the end of the Chirac era. 

Sarkozy Brings Change 
13. (C) As he did in other areas on taking office in May 
2007, Sarkozy wrought change to the Africa account. His 
basic approach has been to try to clean the slates, rid 
relations of the colonial era hangover, and conduct more 
"normal and business-like" relations with Africans. He is 
quick to attribute events and activities before his 
Presidency to "past French governments," always suggesting 
that he represents a new era. 

14. (C/NF) Sarkozy did away with the "Mr. Africa" position 
-- at least on paper. He named Jean-David Levitte (who had 
the same job under Chirac before becoming UN PermRep and then 
Ambassador to the U.S.) as his Diplomatic Advisor, and Bruno 
Joubert as Levitte's Deputy. Joubert, however, is also the 
President's senior advisor on Africa and was previously MFA 
A/S for Africa. The "Mr. Africa" position no longer 
officially exists, but Joubert, already wearing one hat as 
Levitte's Deputy, functionally also wears the hat the former 
Africa Advisors wore, although he now reports to Levitte 
rather than directly to the President. Two "technical 
counselors" work with him -- Remi Marechaux (francophone 
Africa plus South Africa, a specialty), and Romain Serman 
(non-francophone Africa, UN issues, and crises). When one of 
Marechaux's countries goes into crisis, Serman will often 

PARIS 00001501 004.2 OF 006 

take charge. Marechaux was an MFA AF DAS-equivalent when 
Joubert was MFA AF A/S, and Serman previously covered Africa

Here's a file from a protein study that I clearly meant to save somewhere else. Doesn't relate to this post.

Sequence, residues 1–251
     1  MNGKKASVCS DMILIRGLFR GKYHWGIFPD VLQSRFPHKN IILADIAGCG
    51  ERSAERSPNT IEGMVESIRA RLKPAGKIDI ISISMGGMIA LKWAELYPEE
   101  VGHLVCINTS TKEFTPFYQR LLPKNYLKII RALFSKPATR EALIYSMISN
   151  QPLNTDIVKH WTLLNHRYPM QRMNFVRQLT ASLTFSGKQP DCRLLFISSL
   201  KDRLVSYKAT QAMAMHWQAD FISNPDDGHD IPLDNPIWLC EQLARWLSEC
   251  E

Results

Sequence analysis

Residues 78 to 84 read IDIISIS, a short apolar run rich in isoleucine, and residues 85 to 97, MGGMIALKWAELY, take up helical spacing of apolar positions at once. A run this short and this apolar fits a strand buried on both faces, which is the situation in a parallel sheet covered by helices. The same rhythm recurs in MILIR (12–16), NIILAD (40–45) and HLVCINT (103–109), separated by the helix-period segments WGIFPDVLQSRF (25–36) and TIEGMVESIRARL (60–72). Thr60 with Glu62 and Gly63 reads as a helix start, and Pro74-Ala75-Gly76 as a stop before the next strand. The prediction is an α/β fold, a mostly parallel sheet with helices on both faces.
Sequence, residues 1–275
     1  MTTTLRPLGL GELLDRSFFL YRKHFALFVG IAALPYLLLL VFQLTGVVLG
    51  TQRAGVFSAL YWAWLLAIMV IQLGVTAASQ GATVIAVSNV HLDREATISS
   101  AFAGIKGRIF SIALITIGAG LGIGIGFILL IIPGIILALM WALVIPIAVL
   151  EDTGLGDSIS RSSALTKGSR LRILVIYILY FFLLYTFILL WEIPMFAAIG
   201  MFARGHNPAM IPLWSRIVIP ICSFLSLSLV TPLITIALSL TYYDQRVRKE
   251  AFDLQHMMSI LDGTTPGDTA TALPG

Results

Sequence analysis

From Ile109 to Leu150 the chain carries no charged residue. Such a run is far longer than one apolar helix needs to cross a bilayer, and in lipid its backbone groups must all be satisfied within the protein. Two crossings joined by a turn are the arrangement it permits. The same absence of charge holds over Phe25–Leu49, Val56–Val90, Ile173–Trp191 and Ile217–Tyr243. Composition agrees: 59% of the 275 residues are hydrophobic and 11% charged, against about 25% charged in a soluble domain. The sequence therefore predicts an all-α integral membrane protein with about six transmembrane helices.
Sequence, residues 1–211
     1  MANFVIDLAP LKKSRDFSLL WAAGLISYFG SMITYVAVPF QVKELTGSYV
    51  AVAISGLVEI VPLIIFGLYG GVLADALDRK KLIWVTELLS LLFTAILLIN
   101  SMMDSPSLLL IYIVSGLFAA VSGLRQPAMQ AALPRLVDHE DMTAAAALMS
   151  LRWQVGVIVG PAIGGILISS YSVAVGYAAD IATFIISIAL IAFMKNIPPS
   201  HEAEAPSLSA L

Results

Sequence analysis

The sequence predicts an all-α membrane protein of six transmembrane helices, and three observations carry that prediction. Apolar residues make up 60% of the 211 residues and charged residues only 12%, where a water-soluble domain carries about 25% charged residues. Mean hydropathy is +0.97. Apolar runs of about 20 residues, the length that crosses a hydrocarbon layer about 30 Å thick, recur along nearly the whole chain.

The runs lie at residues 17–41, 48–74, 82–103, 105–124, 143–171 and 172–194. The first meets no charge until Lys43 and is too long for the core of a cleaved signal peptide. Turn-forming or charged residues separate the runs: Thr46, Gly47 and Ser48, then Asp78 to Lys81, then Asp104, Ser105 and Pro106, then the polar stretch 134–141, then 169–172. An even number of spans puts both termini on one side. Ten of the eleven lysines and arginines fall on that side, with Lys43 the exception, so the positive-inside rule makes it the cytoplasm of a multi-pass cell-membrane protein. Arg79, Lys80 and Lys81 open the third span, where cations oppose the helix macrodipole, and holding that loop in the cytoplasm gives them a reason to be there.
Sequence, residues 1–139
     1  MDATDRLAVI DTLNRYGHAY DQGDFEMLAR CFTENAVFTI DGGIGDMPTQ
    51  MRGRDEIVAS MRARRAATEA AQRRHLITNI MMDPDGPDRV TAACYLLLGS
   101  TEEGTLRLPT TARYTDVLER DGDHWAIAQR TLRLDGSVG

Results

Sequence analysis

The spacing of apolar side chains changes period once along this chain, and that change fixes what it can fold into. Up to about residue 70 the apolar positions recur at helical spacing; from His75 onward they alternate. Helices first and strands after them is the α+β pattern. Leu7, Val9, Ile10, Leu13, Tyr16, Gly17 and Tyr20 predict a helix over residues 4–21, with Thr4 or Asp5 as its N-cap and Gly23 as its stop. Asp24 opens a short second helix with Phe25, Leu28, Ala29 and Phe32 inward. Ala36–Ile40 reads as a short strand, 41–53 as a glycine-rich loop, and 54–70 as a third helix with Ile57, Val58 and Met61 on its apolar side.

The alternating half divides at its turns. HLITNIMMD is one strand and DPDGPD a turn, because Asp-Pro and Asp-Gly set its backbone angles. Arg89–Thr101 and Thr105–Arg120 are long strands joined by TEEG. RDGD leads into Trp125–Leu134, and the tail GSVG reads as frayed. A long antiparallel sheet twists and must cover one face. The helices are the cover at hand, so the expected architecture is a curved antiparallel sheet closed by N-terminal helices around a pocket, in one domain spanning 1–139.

at the UN. Marechaux earlier worked at the Department under 
the Fellowship of Hope exchange program. 

15. (C/NF) Joubert, Marechaux, and Serman make an effective 
team, with complementary styles -- Joubert a classic 
diplomat, smooth, and savvy bureaucratically; Marechaux 
intellectual, cerebral, and somewhat reserved; and Serman 
fiery, action oriented, and a master of rapid repartee in 
both French and English. They dominate African issues within 
the GOF, and although they collaborate closely with MFA 
colleagues, they seem to win intra-GOF disputes. Their MFA 
counterparts -- AF A/S Jean de Gliniasty and DASs Helene Le 
Gal, Christine Fages, and (temporarily) Christian Daziano -- 
are also quite capable and friendly, but they do not have the 
same drive or clout that comes with being in close proximity 
to the hyperactive and demanding Sarkozy. Joubert (who knew 
her when he was MFA AF A/S) and Gliniasty handpicked 
Charlotte Montel, a virtual first-tour officer (and 2009 IVLP 
member), to serve in FM Kouchner's cabinet, ensuring the 
presence of a dependable colleague on African issues within 
Kouchner's inner circle. Montel's role has increased with 
the recent departure of Laurent Contini (new Ambassador to 
Zimbabwe), who was Kouchner's senior AF Advisor but who will 
not be replaced. 

The New Policy 
16. (C) Sarkozy used three speeches to express publicly the 
new direction Africa policy would take, in Dakar on July 26, 
2007, in Lisbon at the EU-Africa Summit on December 8, 2007, 
and in Cape Town on February 28, 2008. The general theme 
emerging from these speeches is that France will seek to 
modernize relations, get rid of lingering colonialist and 
post-colonialist baggage, engage with Africans on a more 
business-like and arms-length basis, no longer seek to play a 
paternal role, and instead opt for a partnership among 
equals. To be sure, Sarkozy promises continued French 
engagement, but engagement based on a calculation of 
interests rather than on inertia and outdated sentiments 
deemed to be relics of the past. He calls on Africans to